If you’re in the market for a new speaker to add to your home audio setup, you’ve probably encountered two of the hottest speakers on the market: The Sonos Play 3 and the Sonos Play 5.
Each of these speakers is very high quality, and each brings a lot to the table. In this article, we’ll give you a Sonos Play 3 review and a Sonos Play 5 review so that you’ll know which the best choice for your home is.
Before we give you the reviews, let’s start off by talking about some of the things that you’ll need to think about when you think about each speaker.
Bottom Line Up Front:
If you’re in a rush, here are the main reasons to purchase one product over the other.
Sonos Play 3
Sonos Play 5
You’ll want to decide which features are most important to you so that you’ll be able to choose the most suitable model.
These speakers are serious about producing high quality sound, but the Play 5 wins out over the Play 3 because it has six audio drivers in comparison to the Play 3’s three. The Play 5 is more likely to give you the best rendition of sounds all across the spectrum.
The Play 3 is far from a slouch, though. The Play 3’s sound quality is very good, but it doesn’t quite hit mid-range or high-range notes as effectively as the Play 5. It’s also a bit easier to set up surround sound with the Play 3 (or playbar).
The Play 3 is lighter than the Play 5, so you can be more creative about where you place it as part of a Sonos surround sound system. You can put both speakers on their sides or backs without worrying about a reduction in sound quality, though.
For people who listen to pop, rock, or country music, the Play 3 will probably be sufficient. For rap music or other music that’s heavily reliant on bass, the Play 5 wins out because of its superior dynamic range and ability to create both treble tones and bass tones at the same time without trouble.
The Play 5 is also better at producing distorted sounds in the midrange. While this type of sound is typically only present in electronic music, The Play 3 is almost guaranteed to blow out some of the mid-range with its bass.
The difference might not be noticeable to most people, but audiophiles will be able to tell.
The Play 5’s bass is better than the Play 3’s, but not by much.
For something like a Sonos TV speakers setup , the Play 5 is comparable to the Play 3, and there probably isn’t much of an advantage in getting one over the other. For high quality audio sources, the Play 5’s bass and audio drivers make for a better sound overall.
Both speakers can make the table shake with their bass if you decide to use a mixer to turn it up, but you probably won’t need to adjust any settings with either to get the proper amount of bass.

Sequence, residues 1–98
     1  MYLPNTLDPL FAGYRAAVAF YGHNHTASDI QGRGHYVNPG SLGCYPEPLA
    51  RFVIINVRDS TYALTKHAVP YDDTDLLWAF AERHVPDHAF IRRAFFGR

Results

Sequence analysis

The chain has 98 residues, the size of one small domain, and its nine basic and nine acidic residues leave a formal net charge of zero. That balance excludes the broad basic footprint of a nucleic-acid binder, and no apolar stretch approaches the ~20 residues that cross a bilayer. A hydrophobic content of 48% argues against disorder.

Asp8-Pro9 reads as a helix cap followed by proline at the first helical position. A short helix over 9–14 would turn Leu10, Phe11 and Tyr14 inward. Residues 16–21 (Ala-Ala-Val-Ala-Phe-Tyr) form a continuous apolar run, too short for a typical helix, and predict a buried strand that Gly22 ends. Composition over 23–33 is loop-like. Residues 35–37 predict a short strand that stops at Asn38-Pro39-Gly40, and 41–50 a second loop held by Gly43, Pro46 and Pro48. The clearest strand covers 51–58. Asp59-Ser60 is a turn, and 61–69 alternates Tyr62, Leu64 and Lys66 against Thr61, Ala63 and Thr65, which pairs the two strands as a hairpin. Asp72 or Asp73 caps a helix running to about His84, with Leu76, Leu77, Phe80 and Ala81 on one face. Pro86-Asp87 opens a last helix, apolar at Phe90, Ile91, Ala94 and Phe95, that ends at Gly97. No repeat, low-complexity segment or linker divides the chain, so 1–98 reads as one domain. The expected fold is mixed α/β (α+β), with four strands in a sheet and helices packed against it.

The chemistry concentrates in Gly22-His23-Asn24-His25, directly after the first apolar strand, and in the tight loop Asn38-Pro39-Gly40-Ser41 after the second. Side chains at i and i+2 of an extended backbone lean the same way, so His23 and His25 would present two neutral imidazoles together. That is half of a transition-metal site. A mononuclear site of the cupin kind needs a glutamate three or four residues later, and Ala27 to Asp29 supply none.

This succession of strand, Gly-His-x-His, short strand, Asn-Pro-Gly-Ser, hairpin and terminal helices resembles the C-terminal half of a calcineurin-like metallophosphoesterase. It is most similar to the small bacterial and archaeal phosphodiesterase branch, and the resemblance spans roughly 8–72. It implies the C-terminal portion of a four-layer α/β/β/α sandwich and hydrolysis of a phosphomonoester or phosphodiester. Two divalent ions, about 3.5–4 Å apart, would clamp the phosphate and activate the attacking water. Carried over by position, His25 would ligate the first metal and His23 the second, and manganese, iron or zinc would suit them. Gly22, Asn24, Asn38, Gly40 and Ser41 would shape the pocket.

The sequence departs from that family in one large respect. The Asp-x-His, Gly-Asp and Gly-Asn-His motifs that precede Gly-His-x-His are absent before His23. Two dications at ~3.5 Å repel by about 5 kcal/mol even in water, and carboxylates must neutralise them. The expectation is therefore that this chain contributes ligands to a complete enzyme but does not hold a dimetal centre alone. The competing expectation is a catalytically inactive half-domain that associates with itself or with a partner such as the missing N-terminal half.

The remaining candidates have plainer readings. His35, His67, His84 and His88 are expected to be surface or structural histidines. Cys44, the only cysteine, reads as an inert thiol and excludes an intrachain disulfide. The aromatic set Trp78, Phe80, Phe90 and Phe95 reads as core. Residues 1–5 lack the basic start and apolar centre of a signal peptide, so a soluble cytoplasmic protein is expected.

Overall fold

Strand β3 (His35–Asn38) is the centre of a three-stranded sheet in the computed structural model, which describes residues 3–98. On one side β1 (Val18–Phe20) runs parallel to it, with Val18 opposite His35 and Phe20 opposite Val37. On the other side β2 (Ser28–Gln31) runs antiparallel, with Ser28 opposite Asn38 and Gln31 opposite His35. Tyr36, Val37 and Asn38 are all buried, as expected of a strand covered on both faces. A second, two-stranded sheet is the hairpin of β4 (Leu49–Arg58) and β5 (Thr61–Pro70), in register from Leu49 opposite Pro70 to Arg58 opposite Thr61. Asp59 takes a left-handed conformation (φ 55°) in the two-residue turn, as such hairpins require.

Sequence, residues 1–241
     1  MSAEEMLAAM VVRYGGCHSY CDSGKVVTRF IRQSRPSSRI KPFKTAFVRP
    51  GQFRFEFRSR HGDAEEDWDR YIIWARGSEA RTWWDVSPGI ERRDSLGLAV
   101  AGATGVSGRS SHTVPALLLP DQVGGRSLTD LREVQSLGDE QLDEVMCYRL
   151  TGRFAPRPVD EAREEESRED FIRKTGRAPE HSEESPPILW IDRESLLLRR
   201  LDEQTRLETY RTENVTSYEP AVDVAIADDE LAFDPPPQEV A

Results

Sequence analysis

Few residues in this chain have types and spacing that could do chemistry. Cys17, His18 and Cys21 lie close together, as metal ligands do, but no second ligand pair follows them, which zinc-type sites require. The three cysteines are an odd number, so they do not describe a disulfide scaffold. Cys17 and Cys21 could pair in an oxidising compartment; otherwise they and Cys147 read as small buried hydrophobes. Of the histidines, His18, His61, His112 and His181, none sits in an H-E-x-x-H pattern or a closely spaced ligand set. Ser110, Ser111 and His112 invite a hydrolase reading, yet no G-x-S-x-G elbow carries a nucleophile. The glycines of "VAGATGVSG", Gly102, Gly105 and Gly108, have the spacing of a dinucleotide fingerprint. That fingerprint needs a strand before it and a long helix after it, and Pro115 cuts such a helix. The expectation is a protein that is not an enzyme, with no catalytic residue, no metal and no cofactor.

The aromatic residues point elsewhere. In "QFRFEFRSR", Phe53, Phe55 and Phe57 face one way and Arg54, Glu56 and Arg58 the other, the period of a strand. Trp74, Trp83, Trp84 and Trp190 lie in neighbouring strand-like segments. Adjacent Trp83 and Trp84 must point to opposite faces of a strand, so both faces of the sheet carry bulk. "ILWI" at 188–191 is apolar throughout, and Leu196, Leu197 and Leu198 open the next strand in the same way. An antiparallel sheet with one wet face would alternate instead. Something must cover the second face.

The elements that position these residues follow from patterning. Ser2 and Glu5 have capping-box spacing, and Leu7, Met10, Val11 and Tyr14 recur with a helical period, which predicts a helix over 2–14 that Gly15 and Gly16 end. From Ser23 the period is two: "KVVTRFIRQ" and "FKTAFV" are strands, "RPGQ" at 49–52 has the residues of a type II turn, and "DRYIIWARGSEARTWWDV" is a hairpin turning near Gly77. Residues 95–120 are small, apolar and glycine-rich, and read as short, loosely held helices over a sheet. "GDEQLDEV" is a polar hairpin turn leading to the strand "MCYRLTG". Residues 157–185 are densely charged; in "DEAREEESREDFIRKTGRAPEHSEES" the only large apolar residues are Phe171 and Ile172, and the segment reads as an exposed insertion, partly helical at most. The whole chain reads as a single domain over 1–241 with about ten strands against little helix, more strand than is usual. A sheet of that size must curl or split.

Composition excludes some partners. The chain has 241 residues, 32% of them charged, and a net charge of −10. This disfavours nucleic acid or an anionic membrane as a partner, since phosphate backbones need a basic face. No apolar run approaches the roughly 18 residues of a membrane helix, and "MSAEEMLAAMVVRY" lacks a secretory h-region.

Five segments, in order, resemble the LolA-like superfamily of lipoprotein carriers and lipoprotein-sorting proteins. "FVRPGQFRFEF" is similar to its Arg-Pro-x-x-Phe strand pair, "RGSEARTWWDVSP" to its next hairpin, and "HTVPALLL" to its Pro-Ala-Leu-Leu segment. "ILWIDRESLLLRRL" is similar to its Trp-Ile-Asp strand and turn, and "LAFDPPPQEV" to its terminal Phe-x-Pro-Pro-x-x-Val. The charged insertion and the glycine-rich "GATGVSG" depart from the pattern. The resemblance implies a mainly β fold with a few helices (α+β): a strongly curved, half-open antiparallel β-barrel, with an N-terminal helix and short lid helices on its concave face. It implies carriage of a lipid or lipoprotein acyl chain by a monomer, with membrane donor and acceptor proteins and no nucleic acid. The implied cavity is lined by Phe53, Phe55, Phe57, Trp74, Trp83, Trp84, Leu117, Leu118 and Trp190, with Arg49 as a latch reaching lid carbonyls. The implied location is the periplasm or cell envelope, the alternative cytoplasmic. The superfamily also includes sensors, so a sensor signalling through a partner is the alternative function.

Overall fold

Both speakers are wireless and are extremely easy to set up thanks to a great mobile app. You can also configure both speakers to connect to your TV, other Sonos speakers, or your computer.
Using the Sonos Connect add-on to get your speakers to play from other audio devices like a turntable is easy enough, but it’s the hardest part of using the speakers. Part of the reason is that many legacy audio devices are finicky, and they may not have the most accurate representation in the speaker software.
This issue is consistent across the Play 3 and the Play 5. Though the Play 5 has an audio line-in port, syncing attached peripherals to the hardware and then controlling that hardware from your phone can be somewhat problematic. It’s probably better to look elsewhere if you want a speaker for jamming.
Both speakers are compatible with Amazon Alexa , which means that you can control their volume and song via voice commands.
As far as software goes, both speakers are compatible with Spotify, Pandora, and other popular music streaming software.
If you want to connect the speakers to other hardware, you’ll need to use the Sonos Connect add-on or the Connect Amp add-on if you want to use an amp.
If you have an Android or iOS smartphone, you’ll have no problem controlling the speaker from afar.
The two speakers are slightly different regarding placement because the Play 5 is much bigger than the Play 3. You’ll have a little bit more flexibility in placing multiple Play 3s because of their lighter and smaller size.
Both speakers can be mounted on walls or turned on their sides. The wall mounting is slightly easier for the Play 3 because of its smaller size, though the quality of the mounts and stability after mounting are the same.
One thing which could be improved on both of the mounting systems is the angling of the speakers. The Sonos Play 3 can have its speaker angled via the mounting system with a bit more ease than the Play 5 owing to its smaller size, but neither of the speakers handles angled mounting very well.
They’re a bit too large to be mounted at an angle gracefully in most places.
The Play 5 is also a little bit more fragile than the Play 3 owing to its thinner plastic form factor and delicate speaker cover. It isn’t about to be damaged at first bump, but the Play 5 is a high-end speaker, so treat it right.
The Play 3 is a bit more durable than the Play 5, but once again, it’s a relatively high-end speaker. The Play 3 isn’t moisture proof, so keep it out of the bathroom. You should place it somewhere where it won’t be subject to mechanical or moisture stress if you want these speakers to last.